Events since the Second Vatican Council compose the bulk of the authors' analysis. Noll and Nystrom provide ample descriptions of official Protestant dealings with the Catholic Church. Most notably, they recount "The Joint Declaration on the Doctrine of Justification," signed by the Lutheran World Federation and Catholic representatives in 1999. A key Reformation debate cooled with the declaration's hallmark line: "Our new life is solely due to the forgiving and renewing mercy that God imparts as a gift and we receive in faith, and never can merit it in any way."Such developments encouraged other ecumenical efforts like Evangelicals and Catholics Together, which Noll and Nystrom also carefully document.

Such top-down edicts have been significant, but no more so than 20th-century grassroots changes around the world. The growth of Christianity outside the West during the last century has challenged the Western monopoly on Christian leadership. Thus, Noll and Nystrom divide Catholic/evangelical relations into areas where traditional Western religious divisions remain strong (southern Europe and Latin America), areas where traditional Christianity has been confronted by strong post-Christian elements (North America and parts of Africa and Asia), and areas where European Christianity never took hold (most of Africa, Asia, and the Pacific).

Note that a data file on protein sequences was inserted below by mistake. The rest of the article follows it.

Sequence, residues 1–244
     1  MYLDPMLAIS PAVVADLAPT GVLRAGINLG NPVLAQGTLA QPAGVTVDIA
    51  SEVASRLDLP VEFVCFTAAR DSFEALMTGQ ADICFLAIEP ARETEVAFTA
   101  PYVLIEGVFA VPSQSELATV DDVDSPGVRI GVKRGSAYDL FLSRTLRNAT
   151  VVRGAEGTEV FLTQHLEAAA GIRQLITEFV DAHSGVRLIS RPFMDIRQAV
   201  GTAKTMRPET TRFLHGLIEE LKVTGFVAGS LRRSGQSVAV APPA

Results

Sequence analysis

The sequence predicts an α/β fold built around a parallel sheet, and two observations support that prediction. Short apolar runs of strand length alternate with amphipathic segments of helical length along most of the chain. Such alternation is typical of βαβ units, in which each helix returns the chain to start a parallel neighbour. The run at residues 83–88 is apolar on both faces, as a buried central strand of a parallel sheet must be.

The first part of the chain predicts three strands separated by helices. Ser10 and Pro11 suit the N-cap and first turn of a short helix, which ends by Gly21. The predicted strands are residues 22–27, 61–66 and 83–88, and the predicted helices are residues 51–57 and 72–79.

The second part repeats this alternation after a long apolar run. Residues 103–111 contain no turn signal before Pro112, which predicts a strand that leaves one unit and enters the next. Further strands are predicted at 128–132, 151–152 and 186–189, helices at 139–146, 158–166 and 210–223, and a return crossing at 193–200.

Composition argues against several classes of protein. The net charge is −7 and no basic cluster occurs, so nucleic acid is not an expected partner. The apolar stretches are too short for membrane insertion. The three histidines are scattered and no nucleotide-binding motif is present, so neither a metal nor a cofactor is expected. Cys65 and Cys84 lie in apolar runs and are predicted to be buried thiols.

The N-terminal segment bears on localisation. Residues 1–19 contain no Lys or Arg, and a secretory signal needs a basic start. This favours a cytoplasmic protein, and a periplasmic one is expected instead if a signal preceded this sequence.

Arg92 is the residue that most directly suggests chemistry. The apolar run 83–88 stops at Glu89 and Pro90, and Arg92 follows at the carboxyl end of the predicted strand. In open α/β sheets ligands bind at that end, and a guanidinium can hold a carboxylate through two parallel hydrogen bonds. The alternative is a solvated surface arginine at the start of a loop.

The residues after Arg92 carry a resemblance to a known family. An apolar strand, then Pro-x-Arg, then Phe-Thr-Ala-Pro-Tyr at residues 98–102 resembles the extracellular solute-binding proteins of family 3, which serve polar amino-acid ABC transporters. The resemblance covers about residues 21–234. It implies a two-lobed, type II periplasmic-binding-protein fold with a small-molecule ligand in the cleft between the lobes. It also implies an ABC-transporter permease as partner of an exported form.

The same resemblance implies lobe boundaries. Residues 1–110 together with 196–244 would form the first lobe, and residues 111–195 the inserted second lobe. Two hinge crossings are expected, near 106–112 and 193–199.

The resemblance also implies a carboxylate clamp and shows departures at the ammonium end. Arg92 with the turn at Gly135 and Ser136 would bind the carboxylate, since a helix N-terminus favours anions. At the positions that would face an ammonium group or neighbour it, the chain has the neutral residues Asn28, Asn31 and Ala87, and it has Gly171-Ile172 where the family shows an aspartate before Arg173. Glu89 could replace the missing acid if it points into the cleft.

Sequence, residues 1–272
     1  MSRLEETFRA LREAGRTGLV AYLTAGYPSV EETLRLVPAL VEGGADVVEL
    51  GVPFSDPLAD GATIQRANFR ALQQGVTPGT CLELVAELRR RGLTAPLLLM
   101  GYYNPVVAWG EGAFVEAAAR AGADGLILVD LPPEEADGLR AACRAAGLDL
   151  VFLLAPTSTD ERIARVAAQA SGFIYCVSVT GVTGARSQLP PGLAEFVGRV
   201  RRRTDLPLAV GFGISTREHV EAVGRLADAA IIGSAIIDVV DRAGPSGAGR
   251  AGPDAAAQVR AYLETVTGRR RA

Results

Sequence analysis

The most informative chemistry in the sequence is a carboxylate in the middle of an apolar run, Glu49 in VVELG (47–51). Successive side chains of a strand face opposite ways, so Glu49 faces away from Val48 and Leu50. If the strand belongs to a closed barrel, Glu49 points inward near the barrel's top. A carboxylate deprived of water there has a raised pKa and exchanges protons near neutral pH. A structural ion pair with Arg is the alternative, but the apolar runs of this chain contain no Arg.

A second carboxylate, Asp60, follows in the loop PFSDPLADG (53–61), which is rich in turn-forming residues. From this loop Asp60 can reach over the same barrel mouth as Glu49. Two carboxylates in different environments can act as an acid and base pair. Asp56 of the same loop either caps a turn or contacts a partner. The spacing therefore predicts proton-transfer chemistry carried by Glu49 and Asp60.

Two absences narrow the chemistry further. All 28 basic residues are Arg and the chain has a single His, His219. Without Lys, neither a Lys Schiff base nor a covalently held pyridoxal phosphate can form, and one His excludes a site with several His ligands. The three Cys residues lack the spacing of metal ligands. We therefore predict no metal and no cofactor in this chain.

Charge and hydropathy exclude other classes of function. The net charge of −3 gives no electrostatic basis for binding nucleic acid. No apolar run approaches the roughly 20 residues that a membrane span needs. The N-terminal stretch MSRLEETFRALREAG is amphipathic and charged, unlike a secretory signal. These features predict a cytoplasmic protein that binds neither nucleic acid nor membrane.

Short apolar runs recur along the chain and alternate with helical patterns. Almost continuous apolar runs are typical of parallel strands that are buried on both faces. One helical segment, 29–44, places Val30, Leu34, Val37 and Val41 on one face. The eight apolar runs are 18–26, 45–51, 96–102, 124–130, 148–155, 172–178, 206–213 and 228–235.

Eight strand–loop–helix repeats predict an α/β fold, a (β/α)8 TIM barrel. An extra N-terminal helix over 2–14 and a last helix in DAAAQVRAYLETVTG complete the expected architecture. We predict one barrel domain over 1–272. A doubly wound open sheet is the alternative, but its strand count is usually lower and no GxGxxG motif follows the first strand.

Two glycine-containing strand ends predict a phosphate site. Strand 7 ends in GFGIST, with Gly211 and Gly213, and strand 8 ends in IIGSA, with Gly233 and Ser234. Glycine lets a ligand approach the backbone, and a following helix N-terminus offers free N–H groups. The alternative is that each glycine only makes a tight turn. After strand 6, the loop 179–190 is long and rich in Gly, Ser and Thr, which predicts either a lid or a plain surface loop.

This analysis helps explain why most Christians in Africa and Asia don't suffer lingering Reformation tensions and why Latin American Christians still do. Those who didn't experience Western history don't recognize the same theological distinctions that originated in Europe. Charismatic worship further deemphasizes the Reformation legacy as experience, rather than doctrine, provides the rallying point.

Modern History

Noll and Nystrom provide reminders of the painful schism and point to hopeful and shocking potential for reconciliation. Yet while much has changed, Catholics and evangelicals have come no closer in their understandings of the church. As they analyze the Catholic Catechism, Noll and Nystrom discuss the main issue still dividing Catholics and evangelicals: the relationship of Scripture to the church.